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Led by a strong wave of cross-border combinations, law firm merger activity in the first quarter of 2017 continued to accelerate as legal services shops gained growth and market share through acquisitions, according to reports by legal consultancies Altman Weil Inc. and Fairfax Associates.

The first three months of 2017 saw 28 combinations, two of them between Am Law 100 firms, five of the cross-border variety and other acquisitions of smaller U.S. firms, said Altman Weil’s report.

“It’s really a continuation and acceleration of what we’ve been seeing for the past couple of years,” said Altman Weil principal Thomas Clay. “Firms [recognize] that if they’re going to continue to grow and gain market share, it’s not going to be organic, it’s going to be by acquisition.”

So far, 2017 has seen its fair share of big names combining with others to corner markets and expand their reach. Altman Weil, which counts deals when they are announced rather than completed, noted that Norton Rose Fulbright’s proposed absorption of Chadbourne & Parke into its Swiss verein structure would be the largest tie-up of the first quarter. The union will create a combined firm of about 4,000 lawyers, about 1,000 of whom will be based in the U.S., with more than 300 in New York and 130 in Washington, D.C.

In another deal announced in November and finalized on Jan. 1, Arnold & Porter officially merged with Kaye Scholer to create Arnold & Porter Kaye Scholer, a move by the former to crack into New York’s highly profitable corporate market. The ever-expanding Dentons bolted on firms in Mexico, Costa Rica and The Netherlands, while rival global legal giant DLA Piper absorbed firms in Denmark and Portugal into its own international network.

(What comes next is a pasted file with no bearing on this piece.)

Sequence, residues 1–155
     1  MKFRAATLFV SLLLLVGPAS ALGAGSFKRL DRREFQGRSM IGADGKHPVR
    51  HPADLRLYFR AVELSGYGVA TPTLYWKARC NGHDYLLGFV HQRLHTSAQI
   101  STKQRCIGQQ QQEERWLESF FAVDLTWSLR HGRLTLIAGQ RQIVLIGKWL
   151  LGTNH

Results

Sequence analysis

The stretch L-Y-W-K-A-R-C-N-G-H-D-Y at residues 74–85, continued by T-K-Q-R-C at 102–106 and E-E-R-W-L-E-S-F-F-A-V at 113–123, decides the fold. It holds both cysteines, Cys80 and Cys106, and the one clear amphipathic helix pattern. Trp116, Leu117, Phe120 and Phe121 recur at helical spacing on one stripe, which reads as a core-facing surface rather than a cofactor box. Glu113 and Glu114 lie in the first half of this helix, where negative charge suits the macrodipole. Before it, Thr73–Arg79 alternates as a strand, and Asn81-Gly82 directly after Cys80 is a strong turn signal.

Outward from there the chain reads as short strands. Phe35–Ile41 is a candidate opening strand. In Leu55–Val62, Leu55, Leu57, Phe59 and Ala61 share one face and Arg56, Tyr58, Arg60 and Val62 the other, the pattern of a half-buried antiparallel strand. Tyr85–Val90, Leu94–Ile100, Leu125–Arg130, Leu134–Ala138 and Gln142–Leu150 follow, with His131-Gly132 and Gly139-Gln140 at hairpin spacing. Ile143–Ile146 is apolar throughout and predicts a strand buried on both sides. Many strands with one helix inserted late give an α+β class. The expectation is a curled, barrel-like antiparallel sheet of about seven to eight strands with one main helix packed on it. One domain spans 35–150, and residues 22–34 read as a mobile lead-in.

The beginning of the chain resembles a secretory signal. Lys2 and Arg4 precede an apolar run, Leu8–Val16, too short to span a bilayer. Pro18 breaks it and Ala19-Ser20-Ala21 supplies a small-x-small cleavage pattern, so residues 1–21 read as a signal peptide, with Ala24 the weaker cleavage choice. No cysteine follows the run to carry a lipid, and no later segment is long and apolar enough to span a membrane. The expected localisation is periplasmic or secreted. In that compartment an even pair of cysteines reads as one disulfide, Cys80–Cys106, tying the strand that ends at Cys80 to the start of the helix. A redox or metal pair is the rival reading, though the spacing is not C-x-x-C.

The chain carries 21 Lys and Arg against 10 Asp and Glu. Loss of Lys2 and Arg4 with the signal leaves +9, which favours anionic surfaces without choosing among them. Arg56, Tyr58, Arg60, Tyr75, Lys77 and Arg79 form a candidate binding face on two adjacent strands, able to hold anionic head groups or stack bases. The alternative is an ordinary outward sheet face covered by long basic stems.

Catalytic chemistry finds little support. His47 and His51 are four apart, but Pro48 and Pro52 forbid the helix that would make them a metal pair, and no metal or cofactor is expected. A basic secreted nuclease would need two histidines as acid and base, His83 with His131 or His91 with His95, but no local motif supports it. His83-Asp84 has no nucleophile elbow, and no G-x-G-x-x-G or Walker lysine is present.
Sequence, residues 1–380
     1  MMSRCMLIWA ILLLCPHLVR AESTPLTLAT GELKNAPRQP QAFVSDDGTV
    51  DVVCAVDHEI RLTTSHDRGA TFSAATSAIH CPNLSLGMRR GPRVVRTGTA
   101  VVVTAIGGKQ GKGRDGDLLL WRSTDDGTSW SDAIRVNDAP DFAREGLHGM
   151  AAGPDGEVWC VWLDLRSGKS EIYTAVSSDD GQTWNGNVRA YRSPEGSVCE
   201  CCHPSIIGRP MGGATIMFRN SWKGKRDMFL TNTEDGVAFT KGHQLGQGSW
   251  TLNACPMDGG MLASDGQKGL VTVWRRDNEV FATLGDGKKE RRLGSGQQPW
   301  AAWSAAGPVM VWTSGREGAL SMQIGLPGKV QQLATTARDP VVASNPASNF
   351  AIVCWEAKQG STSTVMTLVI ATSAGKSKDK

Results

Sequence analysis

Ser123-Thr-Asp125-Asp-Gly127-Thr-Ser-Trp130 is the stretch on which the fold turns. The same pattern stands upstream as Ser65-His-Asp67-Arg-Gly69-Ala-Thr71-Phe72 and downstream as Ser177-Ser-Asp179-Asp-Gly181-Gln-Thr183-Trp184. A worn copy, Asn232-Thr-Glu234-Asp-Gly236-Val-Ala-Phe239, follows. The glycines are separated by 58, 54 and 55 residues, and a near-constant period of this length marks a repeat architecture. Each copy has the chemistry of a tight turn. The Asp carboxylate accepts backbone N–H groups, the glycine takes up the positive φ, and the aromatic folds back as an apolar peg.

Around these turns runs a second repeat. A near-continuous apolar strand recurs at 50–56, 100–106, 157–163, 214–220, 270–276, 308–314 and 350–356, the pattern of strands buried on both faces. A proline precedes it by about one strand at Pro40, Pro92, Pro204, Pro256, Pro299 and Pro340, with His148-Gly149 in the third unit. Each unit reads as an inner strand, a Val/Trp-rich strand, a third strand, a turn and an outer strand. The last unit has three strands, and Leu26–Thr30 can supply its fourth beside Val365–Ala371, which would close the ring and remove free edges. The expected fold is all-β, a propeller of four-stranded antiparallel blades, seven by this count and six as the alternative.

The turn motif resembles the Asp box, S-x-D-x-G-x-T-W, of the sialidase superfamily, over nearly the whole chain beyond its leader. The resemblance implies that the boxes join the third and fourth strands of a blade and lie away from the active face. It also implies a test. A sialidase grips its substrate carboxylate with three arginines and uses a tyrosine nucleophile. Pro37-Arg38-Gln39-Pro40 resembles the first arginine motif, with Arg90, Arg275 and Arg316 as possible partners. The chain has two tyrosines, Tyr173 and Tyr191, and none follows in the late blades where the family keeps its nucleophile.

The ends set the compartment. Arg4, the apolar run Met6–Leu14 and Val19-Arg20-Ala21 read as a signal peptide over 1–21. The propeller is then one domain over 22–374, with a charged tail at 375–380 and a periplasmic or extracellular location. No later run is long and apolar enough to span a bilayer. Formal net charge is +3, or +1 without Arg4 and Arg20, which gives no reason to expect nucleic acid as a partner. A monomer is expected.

The American Lawyer, which last month reported on an analysis of 15 years of law firm mergers by ALM Intelligence, looked this week at the peculiar alchemy of the Arnold & Porter Kaye Scholer and Norton Rose Fulbright combinations.

Another survey conducted by Washington, D.C.-based Fairfax Associates also noted the continued uptick in cross-border combinations. For the last three years, international mergers have been on the rise—2016 alone saw 13 such deals—but Fairfax Associates principal Lisa Smith noted that for the first time the U.S. firms are doing the bulk of those transactions.

“We’re starting to see a resurgence [in] global expansion,” Smith said.

In the first quarter, 1,900-lawyer British firm Eversheds absorbed 400-lawyer Sutherland Asbill & Brennan to form Eversheds Sutherland, while Norton Rose Fulbright completed its acquisition of Vancouver-based Bull, Housser & Tupper. Holman Fenwick Willan, another U.K. firm, also finalized its union with Houston’s Legge, Farrow, Kimmitt, McGrath & Brown. (Fairfax Associates, unlike Altman Weil, counts combinations upon the date of their completion.)

Regional mergers—such as 652-lawyer Baker, Donelson, Bearman, Caldwell & Berkowitz bringing on about 110 lawyers from Baltimore-based Ober Kaler—continued to remain prevalent. In March, four firms with roots in Chicago and New York announced a pair of different mergers.

But, as in years and quarters past, the majority of combinations were larger U.S. firms picking up smaller shops with 20 or fewer lawyers. Those deals accounted for upwards of 75 percent of all combinations during the first three months of 2016, said both Altman Weil and Fairfax Associates.

“Firms continue to look at competitive market and recognize that it’s not only about size, it is about depth and experience in core practices and looking at ways to achieve that,” said Fairfax’s Smith.

Looking ahead to the rest of 2017, she and Altman Weil’s Clay agree that merger activity will continue to remain high as firms are constantly looking to stay competitive by acquiring market share. But Clay cautions that there are real risks for failure if mergers are entered into haphazardly.

“You really, really got to make sure that you do it right or a lot of bad things happen,” Clay said.